Subject(s)
COVID-19 Vaccines/administration & dosage , COVID-19/mortality , Hospitalization/statistics & numerical data , Vaccination/statistics & numerical data , Adult , Aged , Aged, 80 and over , COVID-19/immunology , COVID-19 Vaccines/immunology , Comorbidity , Databases, Factual , Female , Humans , Male , Middle Aged , Prospective Studies , Risk Assessment , SARS-CoV-2 , United Kingdom/epidemiology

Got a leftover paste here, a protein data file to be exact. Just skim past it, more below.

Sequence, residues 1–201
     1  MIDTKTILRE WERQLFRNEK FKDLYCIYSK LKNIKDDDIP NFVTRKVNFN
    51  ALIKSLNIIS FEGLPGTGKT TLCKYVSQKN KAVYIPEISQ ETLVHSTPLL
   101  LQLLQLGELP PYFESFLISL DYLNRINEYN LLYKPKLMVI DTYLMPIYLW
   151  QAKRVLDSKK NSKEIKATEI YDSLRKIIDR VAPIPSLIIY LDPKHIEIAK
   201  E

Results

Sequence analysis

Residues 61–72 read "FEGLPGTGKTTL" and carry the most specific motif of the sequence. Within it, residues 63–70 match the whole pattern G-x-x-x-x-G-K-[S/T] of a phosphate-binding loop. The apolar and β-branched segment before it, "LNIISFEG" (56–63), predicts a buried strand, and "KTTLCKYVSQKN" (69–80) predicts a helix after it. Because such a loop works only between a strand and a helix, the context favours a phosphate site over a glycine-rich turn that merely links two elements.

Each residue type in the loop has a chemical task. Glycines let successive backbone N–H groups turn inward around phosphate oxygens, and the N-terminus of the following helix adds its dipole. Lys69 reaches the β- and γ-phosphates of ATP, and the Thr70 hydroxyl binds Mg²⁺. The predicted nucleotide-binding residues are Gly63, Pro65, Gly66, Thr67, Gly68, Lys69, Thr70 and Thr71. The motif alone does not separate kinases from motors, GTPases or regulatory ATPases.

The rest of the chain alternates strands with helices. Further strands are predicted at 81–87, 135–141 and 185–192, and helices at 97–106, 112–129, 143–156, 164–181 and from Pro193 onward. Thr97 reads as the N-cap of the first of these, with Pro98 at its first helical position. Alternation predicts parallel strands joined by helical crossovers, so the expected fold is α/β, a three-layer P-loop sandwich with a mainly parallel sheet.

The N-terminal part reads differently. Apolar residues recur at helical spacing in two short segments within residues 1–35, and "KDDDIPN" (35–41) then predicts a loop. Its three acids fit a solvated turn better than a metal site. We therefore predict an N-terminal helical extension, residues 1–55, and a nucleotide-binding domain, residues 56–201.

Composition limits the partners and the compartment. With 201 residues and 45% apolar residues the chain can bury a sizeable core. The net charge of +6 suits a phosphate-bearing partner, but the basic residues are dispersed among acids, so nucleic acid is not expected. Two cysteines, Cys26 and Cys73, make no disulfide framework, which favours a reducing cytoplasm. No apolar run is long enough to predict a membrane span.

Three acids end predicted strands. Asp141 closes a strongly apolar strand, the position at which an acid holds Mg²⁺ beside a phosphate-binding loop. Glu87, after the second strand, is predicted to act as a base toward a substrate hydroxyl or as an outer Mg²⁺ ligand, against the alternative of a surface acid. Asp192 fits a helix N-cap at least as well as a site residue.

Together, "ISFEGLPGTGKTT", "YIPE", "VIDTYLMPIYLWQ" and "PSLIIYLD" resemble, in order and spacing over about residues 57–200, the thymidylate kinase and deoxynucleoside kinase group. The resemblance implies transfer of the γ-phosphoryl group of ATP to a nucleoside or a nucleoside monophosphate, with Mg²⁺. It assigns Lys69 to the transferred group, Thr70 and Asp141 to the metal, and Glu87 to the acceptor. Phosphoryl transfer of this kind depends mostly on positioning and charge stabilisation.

15.
Lancet Respir Med ; 9(8): 909-923, 2021 08.
Article in English | MEDLINE | ID: covidwho-1411740

ABSTRACT